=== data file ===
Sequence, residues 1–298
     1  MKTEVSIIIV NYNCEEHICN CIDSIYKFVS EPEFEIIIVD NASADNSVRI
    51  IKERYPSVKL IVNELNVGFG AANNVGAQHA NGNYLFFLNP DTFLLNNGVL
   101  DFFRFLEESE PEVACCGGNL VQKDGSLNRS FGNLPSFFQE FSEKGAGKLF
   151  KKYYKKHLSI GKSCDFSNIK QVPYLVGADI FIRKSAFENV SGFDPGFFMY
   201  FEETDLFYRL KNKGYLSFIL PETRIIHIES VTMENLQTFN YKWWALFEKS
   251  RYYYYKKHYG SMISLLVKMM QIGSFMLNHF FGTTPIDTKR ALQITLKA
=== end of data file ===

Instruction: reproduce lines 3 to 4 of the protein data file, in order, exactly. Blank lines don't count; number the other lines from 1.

    51  IKERYPSVKL IVNELNVGFG AANNVGAQHA NGNYLFFLNP DTFLLNNGVL
   101  DFFRFLEESE PEVACCGGNL VQKDGSLNRS FGNLPSFFQE FSEKGAGKLF